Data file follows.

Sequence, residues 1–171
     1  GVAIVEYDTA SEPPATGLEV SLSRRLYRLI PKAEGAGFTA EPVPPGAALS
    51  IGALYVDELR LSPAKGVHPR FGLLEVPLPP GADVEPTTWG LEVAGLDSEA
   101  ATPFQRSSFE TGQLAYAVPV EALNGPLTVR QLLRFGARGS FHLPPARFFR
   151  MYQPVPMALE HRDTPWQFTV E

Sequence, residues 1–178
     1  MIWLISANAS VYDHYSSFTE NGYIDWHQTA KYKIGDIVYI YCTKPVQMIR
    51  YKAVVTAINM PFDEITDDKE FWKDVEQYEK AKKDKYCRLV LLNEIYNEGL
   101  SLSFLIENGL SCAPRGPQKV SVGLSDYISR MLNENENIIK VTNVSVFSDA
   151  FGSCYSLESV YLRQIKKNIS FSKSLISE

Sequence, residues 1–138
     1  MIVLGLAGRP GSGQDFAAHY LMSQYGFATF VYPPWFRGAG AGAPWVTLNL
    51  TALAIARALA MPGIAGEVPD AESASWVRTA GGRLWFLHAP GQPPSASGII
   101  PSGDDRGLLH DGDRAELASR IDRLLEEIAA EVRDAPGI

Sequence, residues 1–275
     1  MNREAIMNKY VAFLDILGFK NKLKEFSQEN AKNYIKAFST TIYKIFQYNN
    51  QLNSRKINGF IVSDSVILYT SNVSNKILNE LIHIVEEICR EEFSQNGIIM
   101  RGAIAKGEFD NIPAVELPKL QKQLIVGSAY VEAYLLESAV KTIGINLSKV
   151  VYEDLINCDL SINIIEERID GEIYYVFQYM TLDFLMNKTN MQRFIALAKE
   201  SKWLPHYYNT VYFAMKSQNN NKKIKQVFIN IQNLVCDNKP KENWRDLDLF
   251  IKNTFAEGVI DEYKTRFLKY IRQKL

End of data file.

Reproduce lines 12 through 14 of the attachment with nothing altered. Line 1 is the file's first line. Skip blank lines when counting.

     1  MIVLGLAGRP GSGQDFAAHY LMSQYGFATF VYPPWFRGAG AGAPWVTLNL
    51  TALAIARALA MPGIAGEVPD AESASWVRTA GGRLWFLHAP GQPPSASGII
   101  PSGDDRGLLH DGDRAELASR IDRLLEEIAA EVRDAPGI